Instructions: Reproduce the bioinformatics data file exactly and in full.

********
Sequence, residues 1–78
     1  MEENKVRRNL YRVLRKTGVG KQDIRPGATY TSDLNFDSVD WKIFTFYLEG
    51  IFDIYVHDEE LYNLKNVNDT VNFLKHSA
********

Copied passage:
Sequence, residues 1–78
     1  MEENKVRRNL YRVLRKTGVG KQDIRPGATY TSDLNFDSVD WKIFTFYLEG
    51  IFDIYVHDEE LYNLKNVNDT VNFLKHSA